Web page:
Thursday, December 20, 2007

3400 pages for the hiding of the pork

Congress, under the gun at the last minute, decided to keep the US government running. They passed a single giant bill authorizing spending for next fiscal year for the entire government. It's nearly a trillion dollars, 3400 pages, and nobody has read it.
I mean, like who can read 3400 pages of the dull obfusticated text in less than a month? This baby went from Congress to President for signature in 24 hours, so it hasn't been read. The only people who know what's in it are the 20 or so staffers who wrote it. Or cut and pasted it together from last year's budget. Major benefit to the insiders, you got plenty of places to hide your pork.
Used to be, Congress would pass one appropriation bill for each executive department, Defense, Agriculture, Education, State, Treasury and so on. They were supposed to pass all appropriations bills before the end of the fiscal year. Back in 1964 this actually happened, I was in USAF at the time, and we took notice of these things. By the end of the fiscal year Air Force money was always tight and we waited for the new budget to come down so we could buy beans and bacon and jet fuel and spare parts and all the stuff you need to keep a fighter wing going.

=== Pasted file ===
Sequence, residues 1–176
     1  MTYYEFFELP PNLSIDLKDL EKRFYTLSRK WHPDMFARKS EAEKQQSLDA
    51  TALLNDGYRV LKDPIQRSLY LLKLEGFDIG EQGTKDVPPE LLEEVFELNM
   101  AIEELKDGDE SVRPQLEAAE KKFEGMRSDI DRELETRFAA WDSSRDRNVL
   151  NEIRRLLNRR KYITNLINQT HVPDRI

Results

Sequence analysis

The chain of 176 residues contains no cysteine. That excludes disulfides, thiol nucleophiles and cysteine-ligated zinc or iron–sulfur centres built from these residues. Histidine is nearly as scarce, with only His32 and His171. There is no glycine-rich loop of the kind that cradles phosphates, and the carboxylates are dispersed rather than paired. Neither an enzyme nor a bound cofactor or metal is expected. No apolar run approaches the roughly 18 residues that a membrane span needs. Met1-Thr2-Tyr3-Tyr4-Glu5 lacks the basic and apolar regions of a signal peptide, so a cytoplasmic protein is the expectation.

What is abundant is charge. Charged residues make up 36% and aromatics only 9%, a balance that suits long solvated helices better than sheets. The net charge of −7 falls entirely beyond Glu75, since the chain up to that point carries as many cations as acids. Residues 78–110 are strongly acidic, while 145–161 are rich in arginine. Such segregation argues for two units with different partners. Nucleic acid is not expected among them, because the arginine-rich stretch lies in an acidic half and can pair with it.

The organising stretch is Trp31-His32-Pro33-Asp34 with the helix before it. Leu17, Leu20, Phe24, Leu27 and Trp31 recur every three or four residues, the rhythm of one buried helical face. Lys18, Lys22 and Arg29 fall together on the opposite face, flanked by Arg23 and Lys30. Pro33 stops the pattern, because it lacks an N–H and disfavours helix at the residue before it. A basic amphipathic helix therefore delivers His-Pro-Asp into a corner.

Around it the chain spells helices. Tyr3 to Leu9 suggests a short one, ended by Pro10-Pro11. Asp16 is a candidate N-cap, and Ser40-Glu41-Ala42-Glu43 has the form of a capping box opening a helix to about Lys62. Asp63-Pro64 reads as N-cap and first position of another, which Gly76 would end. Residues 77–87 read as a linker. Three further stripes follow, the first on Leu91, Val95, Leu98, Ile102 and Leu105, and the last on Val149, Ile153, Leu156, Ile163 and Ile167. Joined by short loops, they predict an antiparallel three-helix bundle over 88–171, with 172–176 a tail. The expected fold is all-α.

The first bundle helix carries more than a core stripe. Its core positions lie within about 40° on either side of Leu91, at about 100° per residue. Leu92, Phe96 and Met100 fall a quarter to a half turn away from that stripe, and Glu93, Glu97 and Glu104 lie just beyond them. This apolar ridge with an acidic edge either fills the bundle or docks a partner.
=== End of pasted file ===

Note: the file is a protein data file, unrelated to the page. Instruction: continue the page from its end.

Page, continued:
Next year (1965) Congress was a month late, and things got very tight indeed. So for 1966 Uncle Sam moved the end of the fiscal year back a month to give Congress more time to do the appropriations bills. Naturally the appropriation bills were even later. Give 'em more time and they will take more time. This annual slippage kept getting worse.
Some time in the 80's or 90's, Congress just gave up appropriating and started passing "continuing resolutions" at the last minute. A continuing resolution is an act of Congress that says "Keep things running, limit your spending this year to whatever was in last year's appropriation."
Now, they let everything go til the last minute, and then pass a single giant continuing resolution which in reality, puts the power of the purse into the hands of Congressional staffers, and a few well connected lobbyists. Congressmen just vote on whatever the staffers create, they don't have a clue what's in it.
Back when appropriations bills only covered one department, they were smaller and it was possible for diligent Congressmen to understand one of them. These few diligent Congressmen became legends in the armed services, Carl Vincent, Sam Nunn, and John Stennis for example. Stennis was so legendary that they named an aircraft carrier after him.
Apparently modern Congress men are more interested in making political gestures, like trying to cut off Iraq war funding again and again when they don't have the votes to do it, rather than getting the country's business done. Business has been delegated to unelected staffers, so the elected Congressmen can spend their time posing for the TV cameras.

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